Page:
WASHINGTON — Not only is President Trump soon expected to approve release of that controversial memo alleging surveillance abuses, he’s also now publicly attacking the top Justice and FBI leaders — including, we assume, the very people he nominated to serve in his administration.
“The top Leadership and Investigators of the FBI and the Justice Department have politicized the sacred investigative process in favor of Democrats and against Republicans - something which would have been unthinkable just a short time ago. Rank & File are great people!” Trump tweeted this morning.
The question everyone needs to be asking themselves this morning is: What is the bigger story — the Russia investigation itself, or the investigative practices that went into it?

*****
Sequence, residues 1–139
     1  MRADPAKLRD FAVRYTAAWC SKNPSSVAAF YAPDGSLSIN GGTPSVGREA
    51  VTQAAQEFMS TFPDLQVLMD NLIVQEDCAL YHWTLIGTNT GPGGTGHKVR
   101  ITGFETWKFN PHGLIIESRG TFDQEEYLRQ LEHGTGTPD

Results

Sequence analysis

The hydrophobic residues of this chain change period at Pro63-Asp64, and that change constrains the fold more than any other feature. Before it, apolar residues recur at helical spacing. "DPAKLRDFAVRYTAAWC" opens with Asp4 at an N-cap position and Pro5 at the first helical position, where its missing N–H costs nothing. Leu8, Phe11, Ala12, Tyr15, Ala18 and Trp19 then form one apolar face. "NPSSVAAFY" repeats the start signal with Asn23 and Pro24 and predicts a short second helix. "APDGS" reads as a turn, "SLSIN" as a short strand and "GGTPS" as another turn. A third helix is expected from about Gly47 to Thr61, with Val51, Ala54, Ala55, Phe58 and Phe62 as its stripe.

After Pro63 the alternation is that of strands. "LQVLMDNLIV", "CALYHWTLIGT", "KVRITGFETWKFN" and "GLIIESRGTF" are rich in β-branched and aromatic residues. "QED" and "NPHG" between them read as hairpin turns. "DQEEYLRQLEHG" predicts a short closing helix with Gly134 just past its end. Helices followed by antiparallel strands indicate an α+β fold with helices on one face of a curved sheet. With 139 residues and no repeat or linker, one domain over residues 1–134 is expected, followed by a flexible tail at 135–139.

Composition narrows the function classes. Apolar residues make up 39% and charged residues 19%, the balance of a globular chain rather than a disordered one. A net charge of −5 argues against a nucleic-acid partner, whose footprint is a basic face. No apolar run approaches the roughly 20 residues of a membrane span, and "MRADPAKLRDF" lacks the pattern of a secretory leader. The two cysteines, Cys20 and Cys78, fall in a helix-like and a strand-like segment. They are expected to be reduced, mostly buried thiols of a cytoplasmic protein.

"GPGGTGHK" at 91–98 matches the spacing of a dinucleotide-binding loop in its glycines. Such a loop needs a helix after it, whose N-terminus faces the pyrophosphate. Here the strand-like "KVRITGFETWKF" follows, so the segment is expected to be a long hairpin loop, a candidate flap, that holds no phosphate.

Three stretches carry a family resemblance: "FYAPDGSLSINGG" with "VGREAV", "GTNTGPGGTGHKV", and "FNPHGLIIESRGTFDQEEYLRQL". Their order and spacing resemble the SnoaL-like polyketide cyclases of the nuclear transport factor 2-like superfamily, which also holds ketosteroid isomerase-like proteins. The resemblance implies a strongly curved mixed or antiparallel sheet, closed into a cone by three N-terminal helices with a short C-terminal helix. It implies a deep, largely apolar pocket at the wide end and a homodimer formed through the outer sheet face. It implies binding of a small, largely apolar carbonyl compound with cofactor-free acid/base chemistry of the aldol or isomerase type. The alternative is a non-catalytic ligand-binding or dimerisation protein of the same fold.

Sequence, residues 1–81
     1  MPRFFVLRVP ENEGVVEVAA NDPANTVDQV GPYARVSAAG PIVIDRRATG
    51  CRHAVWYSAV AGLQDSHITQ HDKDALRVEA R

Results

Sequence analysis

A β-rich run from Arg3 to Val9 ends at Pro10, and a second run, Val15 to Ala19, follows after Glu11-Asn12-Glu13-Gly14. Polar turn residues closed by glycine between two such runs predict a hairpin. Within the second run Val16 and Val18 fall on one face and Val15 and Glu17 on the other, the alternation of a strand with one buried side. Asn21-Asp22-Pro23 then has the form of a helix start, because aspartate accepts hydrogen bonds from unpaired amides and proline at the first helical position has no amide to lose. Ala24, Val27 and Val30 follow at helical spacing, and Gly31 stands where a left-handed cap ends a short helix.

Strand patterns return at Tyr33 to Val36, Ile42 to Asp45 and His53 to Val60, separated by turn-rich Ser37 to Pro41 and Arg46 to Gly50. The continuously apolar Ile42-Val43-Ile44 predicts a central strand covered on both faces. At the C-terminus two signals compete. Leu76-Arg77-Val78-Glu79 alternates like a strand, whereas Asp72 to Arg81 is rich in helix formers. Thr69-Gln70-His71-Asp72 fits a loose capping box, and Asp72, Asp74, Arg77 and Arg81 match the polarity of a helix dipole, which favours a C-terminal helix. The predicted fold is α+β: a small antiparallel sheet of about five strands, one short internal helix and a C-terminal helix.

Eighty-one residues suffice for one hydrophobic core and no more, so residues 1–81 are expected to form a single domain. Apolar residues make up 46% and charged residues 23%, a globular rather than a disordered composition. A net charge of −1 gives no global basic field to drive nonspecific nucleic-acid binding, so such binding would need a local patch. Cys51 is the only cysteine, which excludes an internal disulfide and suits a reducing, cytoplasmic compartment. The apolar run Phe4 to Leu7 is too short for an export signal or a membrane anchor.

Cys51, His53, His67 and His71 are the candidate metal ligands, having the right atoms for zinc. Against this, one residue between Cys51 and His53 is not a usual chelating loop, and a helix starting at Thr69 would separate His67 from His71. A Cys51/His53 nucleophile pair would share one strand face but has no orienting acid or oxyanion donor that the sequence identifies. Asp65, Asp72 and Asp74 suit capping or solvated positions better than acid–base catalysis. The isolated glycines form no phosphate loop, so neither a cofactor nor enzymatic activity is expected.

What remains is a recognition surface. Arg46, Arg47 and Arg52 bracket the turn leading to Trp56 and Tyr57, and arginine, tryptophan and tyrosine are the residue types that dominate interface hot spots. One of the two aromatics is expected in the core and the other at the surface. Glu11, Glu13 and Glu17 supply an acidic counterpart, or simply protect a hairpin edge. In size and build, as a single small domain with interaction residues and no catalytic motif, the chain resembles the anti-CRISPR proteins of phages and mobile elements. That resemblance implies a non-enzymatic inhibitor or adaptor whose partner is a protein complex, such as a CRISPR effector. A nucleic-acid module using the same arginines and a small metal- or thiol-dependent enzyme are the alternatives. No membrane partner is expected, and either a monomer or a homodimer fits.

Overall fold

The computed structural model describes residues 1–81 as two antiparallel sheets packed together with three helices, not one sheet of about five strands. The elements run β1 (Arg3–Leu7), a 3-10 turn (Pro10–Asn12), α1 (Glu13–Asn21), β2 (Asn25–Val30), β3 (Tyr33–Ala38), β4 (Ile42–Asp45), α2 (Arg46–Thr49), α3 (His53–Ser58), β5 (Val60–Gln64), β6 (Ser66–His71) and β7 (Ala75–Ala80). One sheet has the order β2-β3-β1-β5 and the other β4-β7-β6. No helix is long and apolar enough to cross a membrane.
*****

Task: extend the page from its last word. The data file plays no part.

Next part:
“Did the FBI have cause to open a full-blown counterintelligence probe into an active presidential campaign?”
“If the FBI obtained permission from the Foreign Intelligence Surveillance Court to monitor Trump aide Carter Page based on information from the Christopher Steele dossier, that in itself is a monumental scandal. It means the FBI used a document commissioned by one presidential campaign as a justification to spy on another.”
“The FBI may argue it had good cause to look into Mr. Page. But if months of wiretaps didn't turn up anything (and surely we'd have heard if they did), the FBI also had a duty to cease such a liberty-busting intrusion.”
On the other hand, here is what we already know about the Russia investigation:
The U.S. intelligence community concluded that Russia interfered in the 2016 presidential election – to help Trump’s campaign and hurt Hillary Clinton’s. It included the hacking and release (via WikiLeaks) of Democratic emails.
Let our news meet your inbox. The news and stories that matters, delivered weekday mornings.